When I was a little girl, I loved stones – I collected them, skipped them across the creek, and sat on a large stone in my backyard to write poems. Later in life, I created a stone circle in my garden with a fountain in the center, ringed my flowerbeds with stones, and created stone walkways in different parts of the yard. I can't say that I ever consciously thought much about stones, and I wasn’t aware that stone imagery figured strongly in my newest poetry collection (What Matters) until a reviewer pointed it out. After reading the review, I looked at the poems and realized that the reviewer was right – there is a fair amount of stone imagery. My use of stones was organic, not deliberate, but I found it interesting to re-read those poems much after they were written and to think about “stones” as image and metaphor. As the reviewer pointed out, stones, pebbles, rocks and other such seemingly solid and permanent objects, suggest a way to anchor ourselves in this world. Stones can carry numerous suggestions and meanings. What do they suggest to you? This week, try using “stones” as your inspiration word and write a poem based on stones or in which stones are part of the imagery.
Sample Stone Poems:
Ideas to Consider before Writing:
1. Has anyone ever thrown a metaphorical stone at you? A real stone?
2. What does this familiar saying mean to you and how might you use it in a poem: “People who live in glass houses shouldn’t throw stones?”
3. Did you ever skip stones in a pond or creek when you were a child?
4. How are the troubles in your life like stones?
5. Can you work this New Testament Scripture passage into a poem: “Let anyone among you who is without sin be the first to throw a stone ….” John 8:7 NRSV
6. It has long been a custom in Judaism to place a stone on the grave marker of a loved one to signify that the deceased person’s memory has been honored with a visit to the grave – the deceased has not been forgotten. (There’s a lovely example of this at the end of the movie Schindler’s List.) Can you work this custom into a poem?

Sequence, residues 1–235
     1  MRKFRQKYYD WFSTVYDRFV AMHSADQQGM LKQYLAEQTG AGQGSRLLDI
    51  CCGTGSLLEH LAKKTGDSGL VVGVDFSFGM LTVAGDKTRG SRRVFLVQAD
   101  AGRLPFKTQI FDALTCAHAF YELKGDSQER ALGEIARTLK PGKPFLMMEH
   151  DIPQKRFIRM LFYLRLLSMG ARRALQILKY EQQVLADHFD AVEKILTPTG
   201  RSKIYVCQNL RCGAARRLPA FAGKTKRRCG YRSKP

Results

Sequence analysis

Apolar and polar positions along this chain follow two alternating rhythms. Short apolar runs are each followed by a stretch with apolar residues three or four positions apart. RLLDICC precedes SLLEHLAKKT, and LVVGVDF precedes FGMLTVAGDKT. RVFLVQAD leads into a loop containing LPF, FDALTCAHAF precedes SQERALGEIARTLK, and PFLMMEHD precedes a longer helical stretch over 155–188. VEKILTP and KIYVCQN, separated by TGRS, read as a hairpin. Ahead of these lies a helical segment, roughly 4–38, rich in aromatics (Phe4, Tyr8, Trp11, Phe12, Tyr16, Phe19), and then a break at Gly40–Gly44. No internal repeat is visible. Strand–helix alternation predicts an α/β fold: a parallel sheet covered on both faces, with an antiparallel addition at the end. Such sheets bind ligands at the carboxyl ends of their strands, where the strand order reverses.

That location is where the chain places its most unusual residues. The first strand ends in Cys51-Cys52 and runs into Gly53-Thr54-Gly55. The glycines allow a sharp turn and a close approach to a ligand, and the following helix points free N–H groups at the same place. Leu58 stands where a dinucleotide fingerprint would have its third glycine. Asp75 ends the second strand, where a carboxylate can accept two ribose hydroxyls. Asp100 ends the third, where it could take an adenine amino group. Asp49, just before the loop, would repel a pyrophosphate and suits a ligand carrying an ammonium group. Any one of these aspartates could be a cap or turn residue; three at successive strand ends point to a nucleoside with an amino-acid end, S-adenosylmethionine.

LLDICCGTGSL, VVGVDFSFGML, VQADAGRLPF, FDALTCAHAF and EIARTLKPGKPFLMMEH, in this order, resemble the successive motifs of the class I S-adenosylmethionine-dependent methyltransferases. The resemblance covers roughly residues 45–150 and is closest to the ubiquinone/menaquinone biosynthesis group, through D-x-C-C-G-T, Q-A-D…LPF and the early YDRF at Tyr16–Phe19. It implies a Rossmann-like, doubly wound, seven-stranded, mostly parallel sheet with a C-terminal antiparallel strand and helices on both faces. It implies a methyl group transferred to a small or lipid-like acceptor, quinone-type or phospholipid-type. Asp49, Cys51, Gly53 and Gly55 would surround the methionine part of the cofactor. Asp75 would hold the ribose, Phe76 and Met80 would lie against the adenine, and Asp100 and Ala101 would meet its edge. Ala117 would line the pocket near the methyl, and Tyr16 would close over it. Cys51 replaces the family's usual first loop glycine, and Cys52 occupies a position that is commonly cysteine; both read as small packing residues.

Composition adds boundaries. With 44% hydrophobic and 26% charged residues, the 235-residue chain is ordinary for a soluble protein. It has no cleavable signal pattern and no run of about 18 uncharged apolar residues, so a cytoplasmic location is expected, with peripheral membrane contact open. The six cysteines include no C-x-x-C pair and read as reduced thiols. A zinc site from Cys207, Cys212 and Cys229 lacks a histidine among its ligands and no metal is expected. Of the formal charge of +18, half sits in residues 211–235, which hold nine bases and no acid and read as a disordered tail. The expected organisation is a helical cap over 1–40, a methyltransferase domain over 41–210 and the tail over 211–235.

7. Reflect on this old adage as the inspiration for a poem: “A rolling stone gathers no moss.”
8. You’ll probably remember this childhood nursery rhyme “Sticks and stones can break my bones, but names will never hurt me” that encourages a child who’s been called names to ignore the ridicule and to show a stronger character than the name-caller. Has name-calling ever hurt you? How did you handle it?
9. What special “steppingstone” has been helpful to you at some point in your life?
10. What “something” in your life was just a “stone’s throw away?”
11. Worry stones are smooth, polished gemstones, usually oval-shaped, and sometimes with a thumb-sized indentation. Holding a worry stone between the thumb and index finger and rubbing it is said to have a calming effect. In Irish folklore, rubbing a worry stone crafted from Connemara marble is said to relieve worries and bring luck. Some people hold a worry stone during meditation to help center concentration. How about a worry stone poem?
12. What can a stone (or stones) symbolize in a poem? What’s your best stone metaphor?
13. Statues are made of stone – how about an ekphrastic poem based on a piece of stone sculpture? (Think Venus De Milo, Rodin's The Thinker or The Kiss, The Sphinx, Michelangelo's Pieta, The Tian Tan Buddha in Hong Kong, The Fountain of Trevi in Rome. Here's an example by Rainer Maria Rilke: "Archaic Torso of Apollo."
14. When we think of ruins, we usually think of crumbling stone walls or broken statuary. Have you ever visited historical ruins? Ancient temple remains in Egypt or Greece? A fallen cathedral? Cities like Pompeii? Stonehenge in England? Chichen Itza or Machu Picchu? The bombed out ruins of a war site? Is there a ruin poem that you might write? Here's an example: "in the ruins" by Mark Conway.